Weak Skills, Worse Ethics At Wall Street Journal Opinion SiteApril 27th, 2012 2:35 pm Henry Decker
The Wall Street Journal‘s James Taranto made an ironic mistake on Thursday when he wrongly suggested that National Memo Editor-in-Chief Joe Conason might have plagiarized another columnist.
Taranto began by noting that Conason’s syndicated column on Real Clear Politics was almost exactly identical to Jonathan Alter’s most recent column on The National Memo. This turned out to be the result of an error by Conason’s editor at Creators Syndicate (which distributes his columns.) The editor mistakenly sent out Alter’s column instead of Conason’s — an error which has since been corrected and which Taranto never bothered to investigate by contacting Conason, Creators Syndicate, or Alter.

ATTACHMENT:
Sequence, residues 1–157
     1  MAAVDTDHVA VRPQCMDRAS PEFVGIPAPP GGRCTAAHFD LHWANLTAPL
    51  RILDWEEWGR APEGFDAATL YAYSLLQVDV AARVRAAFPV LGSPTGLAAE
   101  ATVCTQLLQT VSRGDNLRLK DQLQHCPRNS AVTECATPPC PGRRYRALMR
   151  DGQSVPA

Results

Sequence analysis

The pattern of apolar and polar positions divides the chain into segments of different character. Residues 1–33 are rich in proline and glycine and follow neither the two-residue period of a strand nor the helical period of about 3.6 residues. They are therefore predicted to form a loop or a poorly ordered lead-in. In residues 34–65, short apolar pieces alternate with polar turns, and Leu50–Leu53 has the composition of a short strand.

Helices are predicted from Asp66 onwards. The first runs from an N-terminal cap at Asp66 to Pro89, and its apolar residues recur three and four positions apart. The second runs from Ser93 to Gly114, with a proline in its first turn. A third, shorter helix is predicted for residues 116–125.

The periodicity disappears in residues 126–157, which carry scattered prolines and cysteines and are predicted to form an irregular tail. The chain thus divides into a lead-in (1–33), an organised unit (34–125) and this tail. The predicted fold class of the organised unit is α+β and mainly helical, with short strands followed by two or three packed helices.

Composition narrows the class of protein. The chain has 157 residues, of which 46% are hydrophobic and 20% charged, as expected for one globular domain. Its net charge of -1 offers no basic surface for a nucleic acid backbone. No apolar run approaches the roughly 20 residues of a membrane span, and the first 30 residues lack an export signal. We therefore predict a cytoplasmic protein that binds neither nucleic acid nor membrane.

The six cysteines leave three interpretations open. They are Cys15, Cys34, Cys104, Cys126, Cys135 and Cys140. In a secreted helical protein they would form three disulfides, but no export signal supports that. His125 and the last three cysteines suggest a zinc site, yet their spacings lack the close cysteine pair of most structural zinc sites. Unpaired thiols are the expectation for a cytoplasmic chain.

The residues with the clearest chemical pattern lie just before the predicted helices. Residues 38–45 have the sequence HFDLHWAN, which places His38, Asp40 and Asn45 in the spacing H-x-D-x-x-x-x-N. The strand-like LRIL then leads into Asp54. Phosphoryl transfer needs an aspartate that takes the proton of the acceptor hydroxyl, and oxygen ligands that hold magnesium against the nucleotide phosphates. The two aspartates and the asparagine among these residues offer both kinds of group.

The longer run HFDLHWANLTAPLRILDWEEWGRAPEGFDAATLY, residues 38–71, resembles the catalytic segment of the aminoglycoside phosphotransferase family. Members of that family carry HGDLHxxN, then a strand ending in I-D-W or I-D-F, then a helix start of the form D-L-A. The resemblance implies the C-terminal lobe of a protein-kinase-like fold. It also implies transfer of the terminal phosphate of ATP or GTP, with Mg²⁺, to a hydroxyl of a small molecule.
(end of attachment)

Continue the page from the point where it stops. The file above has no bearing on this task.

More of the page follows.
As Andrew Beaujon of Poynter reported:
“Taranto (and his editors) entered the realm of self-satire by posting an item that questions my ethics and attention to detail, without bothering to contact me or anyone else to learn the basic facts,” Conason writes. ‘It would be funny if it weren’t such a pain in the ass.”
Taranto’s mocking post led to a number of tweets directed at Conason, insinuating that he had intentionally plagiarized Alter’s column — which would be an exceptionally brazen act of stupidity considering that the column runs every week on The National Memo. Conason replied immediately to the accusations via Twitter:
Anyone falsely accusing me of plagiarism should be VERY careful. Creators syndicate made an error unknown to me until today. End of story.
— Joe Conason (@JConason) April 27, 2012